I caught the Greensboro show and then went to two more at Mountain View, California’s Shoreline Amphitheater on July 9 & 10, 2003. During that run however, something felt off. The band wasn’t the same. This wasn’t the Phish that was the source of my inspirations, the one that made me fall in love with music. Much has been said about this period just before “the break up,” and I was too young to understand the issues they were experiencing off the stage. Those problems were clearly translating on the stage, and in the end, I gave up on them. I stopped listening and caring about Phish one year before they called it quits in 2004.
Ultimately, my divorce from the band was positive for my musical growth, just as it was for the band members themselves. I was completely isolated from all things Phish for nearly six years (although I did write an essay about their business practices that got me accepted into college), until I was invited to see the “reborn Phish” at Jones Beach on June 9, 2009. Obviously I was curious, so I went, and then I went the next night, and then again, and again… Phish returned to my heart with a profound force that I couldn’t have anticipated. They reclaimed their position as one of my favorite bands.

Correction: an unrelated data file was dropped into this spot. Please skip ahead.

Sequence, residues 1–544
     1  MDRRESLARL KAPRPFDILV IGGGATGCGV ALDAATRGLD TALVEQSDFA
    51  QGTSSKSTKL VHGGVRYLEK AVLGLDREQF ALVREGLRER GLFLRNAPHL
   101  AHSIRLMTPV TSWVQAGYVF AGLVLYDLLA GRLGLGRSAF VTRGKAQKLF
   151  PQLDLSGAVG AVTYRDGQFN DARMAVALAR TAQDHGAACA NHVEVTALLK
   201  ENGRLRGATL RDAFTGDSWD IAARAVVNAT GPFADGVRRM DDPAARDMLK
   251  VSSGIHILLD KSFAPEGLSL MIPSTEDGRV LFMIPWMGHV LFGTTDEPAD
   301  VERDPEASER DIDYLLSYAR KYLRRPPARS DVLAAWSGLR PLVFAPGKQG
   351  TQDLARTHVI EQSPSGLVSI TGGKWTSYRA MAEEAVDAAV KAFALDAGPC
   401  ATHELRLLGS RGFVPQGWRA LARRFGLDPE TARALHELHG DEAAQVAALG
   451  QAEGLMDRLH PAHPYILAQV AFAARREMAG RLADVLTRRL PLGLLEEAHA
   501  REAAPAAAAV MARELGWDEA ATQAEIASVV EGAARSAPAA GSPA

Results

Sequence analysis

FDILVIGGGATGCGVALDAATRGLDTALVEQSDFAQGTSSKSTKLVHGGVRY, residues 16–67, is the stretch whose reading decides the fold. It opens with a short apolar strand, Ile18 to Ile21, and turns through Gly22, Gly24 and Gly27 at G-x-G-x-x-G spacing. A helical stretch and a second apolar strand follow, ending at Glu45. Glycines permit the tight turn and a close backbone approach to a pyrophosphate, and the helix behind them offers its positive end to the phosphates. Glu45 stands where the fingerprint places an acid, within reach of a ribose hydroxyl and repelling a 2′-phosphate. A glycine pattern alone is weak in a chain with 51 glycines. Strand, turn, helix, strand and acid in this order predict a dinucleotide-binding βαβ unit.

Everybody loves a good comeback but there’s something to be said about the return of Phish. In my opinion, they sound better than ever. Sure, what do I know? I saw one show when I was in the second grade and a few others sometime after. But I know how they sounded in all their periods and though it might not be the adrenaline-filled insanity and youthful vigor of the old days, this band approaches music with a grace and maturity they couldn’t have achieved in their twenties and thirties. Simply compare the live recordings of now to the tapes of yonder. Their style is arguably more relevant, because they were a “playlist band” that arrived well before our current playlist culture. In my opinion, Phish is aging like a fine wine. It’s very similar to how people feel about seeing Neil Young in the present than the early years– both started off great but seem to only get better with time. I’ve come across many long-time fans who agree, some of whom work with the band.
So I saw one show in Phish 1.0, three shows in Phish 2.0, and thus far, a grand total of forty-five shows in Phish 3.0 (for those not in the know, 1.0, 2.0, 3.0 are the fan’s demarcations for the three different eras of Phish, synonymous with the eras of the internet’s development). Yet I’d never done a full leg of a Phish tour. So when the band announced their run from The Gorge to Lake Tahoe to San Francisco and concluding at the Hollywood Bowl, I knew this was something that couldn’t be missed.